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Randolph Kret & Shaun Hill: Things We’ve Learned as Moviemakers

Randolph Kret & Shaun Hill: Things We’ve Learned as Moviemakers

Articles - Distribution

Make friends in the industry instead of trying to kill the competition. You’d be surprised how many times a filmmaker helps another filmmaker get a job. Besides, you never know which person you’ve met that might end up running a studio.

90 percent of all statistics you read or hear are made up. This is a business of storytelling and that includes distributors. I’ve read about some of my competitors moving 100,000 units of an obscure title, and I’m pulling out my hair (well, not actually, as I’m bald) trying to figure out how they did it. Then I talk with someone and find out it’s all bulls***.

Be realistic in your expectations. Not every film is going to make $100 million. If you are realistic in what you’ve created and what you expect, then you can work toward achieving that goal and more.

Learn from failure. Every great person in life has failed before succeeding. We as a nation failed; our founding fathers built a nation in which everyone was equal, and yet we had slavery for another 100 years and women didn’t get to vote until the 1900s. As a nation we’ve learned from mistakes and failures. You, as an individual, should learn from each mistake as well.

Keep trying. I’ve been on many panels where I’ve heard an audience member ask, “What’s your advice for making it in the business?” and the pompous filmmaker states: “Get out. Find another business.” I hate that. So my advice: If you really want to make it, you will, but you can’t half-ass it. There is nothing worse than someone who complains that they can’t get a break. Create your break. If you are an actor, do student films. If you can’t do that, save money and make a film. Ditto for filmmakers. Make shorts; look at YouTube.com and the success of shorts. Find a way to get yourself noticed, preferably not by stalking.

Find your niche. Most people come to LA to be Brad Pitt or Angelina Jolie. But some may find that they are a better director or a great casting agent. Be realistic about who you are and be open to opportunity. Joe Roth (head of Revolution) and Bob Shaye (head of New Line) both run studios and still direct movies on the side. They are great executives who wanted to be filmmakers.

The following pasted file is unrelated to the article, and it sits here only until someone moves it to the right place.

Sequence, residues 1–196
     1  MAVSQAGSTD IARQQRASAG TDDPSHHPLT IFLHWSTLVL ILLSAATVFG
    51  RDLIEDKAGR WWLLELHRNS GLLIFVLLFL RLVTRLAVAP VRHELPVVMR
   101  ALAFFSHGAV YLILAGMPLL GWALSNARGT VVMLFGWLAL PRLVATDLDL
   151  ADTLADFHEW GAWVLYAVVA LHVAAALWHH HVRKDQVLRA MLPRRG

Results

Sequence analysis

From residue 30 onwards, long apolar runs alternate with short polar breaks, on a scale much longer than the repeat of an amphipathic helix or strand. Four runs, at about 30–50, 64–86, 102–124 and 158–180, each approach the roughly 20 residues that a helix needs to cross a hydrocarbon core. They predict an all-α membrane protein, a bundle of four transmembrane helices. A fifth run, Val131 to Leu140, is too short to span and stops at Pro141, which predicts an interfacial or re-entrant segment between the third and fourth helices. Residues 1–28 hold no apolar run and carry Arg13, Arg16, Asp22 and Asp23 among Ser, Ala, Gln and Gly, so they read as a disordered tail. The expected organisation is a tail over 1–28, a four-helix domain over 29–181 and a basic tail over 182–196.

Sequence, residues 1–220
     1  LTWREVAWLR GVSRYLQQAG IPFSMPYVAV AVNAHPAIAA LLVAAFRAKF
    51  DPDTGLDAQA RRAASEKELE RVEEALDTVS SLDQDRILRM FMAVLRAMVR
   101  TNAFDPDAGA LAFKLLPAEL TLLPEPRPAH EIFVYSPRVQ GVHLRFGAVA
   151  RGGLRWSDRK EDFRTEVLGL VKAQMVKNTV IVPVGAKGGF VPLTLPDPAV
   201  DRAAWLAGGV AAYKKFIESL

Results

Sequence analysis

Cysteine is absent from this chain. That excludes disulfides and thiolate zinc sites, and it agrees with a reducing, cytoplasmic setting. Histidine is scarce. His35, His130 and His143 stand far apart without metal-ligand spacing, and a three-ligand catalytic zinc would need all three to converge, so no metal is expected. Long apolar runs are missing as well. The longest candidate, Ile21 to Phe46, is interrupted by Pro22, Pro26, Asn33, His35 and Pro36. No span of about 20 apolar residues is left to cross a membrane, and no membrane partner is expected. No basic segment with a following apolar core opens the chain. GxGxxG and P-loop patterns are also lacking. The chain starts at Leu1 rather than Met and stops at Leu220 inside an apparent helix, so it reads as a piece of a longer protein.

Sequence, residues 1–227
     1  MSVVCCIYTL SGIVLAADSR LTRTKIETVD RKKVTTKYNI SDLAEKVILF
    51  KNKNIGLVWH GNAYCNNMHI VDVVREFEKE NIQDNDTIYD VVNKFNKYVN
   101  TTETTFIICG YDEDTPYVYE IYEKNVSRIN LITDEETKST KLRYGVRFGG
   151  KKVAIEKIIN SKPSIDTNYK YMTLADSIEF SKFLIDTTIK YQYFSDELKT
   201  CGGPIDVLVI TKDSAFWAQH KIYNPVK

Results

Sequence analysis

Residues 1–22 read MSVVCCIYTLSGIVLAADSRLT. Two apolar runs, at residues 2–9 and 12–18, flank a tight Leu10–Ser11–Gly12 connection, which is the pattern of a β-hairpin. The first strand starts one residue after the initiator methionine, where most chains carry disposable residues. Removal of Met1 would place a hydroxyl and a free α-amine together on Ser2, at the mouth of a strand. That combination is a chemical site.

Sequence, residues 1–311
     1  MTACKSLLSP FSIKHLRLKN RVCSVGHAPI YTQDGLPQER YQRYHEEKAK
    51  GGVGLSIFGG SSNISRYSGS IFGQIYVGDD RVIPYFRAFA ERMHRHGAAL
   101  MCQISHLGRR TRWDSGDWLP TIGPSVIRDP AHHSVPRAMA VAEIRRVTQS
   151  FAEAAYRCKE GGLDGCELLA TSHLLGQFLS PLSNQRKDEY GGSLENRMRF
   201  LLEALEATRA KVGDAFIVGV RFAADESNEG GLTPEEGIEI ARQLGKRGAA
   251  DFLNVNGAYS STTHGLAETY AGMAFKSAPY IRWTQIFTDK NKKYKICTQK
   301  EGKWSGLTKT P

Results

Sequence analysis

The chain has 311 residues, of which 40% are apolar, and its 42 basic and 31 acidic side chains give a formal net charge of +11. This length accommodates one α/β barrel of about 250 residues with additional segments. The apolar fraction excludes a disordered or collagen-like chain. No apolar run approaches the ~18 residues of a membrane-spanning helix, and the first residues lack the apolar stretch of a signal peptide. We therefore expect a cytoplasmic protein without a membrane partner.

Slow down. Don’t show your film unless it’s done or if you really need money. Everyone will tell you that they’ve seen rough cuts and that they can visualize a completed film; they can’t. Better to go slower and finish everything. You get one shot to present yourself so make it count. You are in a business where you want someone to invest large sums of monies into your project. Make sure it’s ready to be seen. This is true for a completed film down to a business proposal. Take your time and do it right (Hey, isn’t that a disco song?)

Make friends, not enemies. Even if you are unhappy with the work someone has done, if you yell and scream, plan on never seeing that person again—because who wants to work with someone who is nasty (Yeah, I know you’ve heard stories about famous producers who are giant a-holes, but do you really aspire to be that?). In our company we will work professionally with someone even if relations are strained, but other individuals and companies won’t.

Be aware. For scripts, for films, for everything. Be aware of the marketplace. Don’t be a parrot and make or write whatever is hot, but don’t ignore what is going on as well. We made the film Pariah when the industry turned against violent, controversial films and was embracing gay and lesbian indies. We should have been more aware of the marketplace. Right now documentaries and slasher, bloody horror films are pretty hot, but it’s starting to change and something else will come into fashion. Be aware and be ahead of the curve, not behind it. Romantic comedies are the hardest film for any distributor to sell. If you make one, it better be the best film of all time because if it’s not star-driven, you have wasted everyone’s time and money.

Don’t make films about Hollywood. I know a lot of producers, writers, etc. tell aspiring filmmakers to write about what they know. Don’t make films about trying to make it in the business. Outside of Hollywood most people don’t care. Write and film the other parts of your life.

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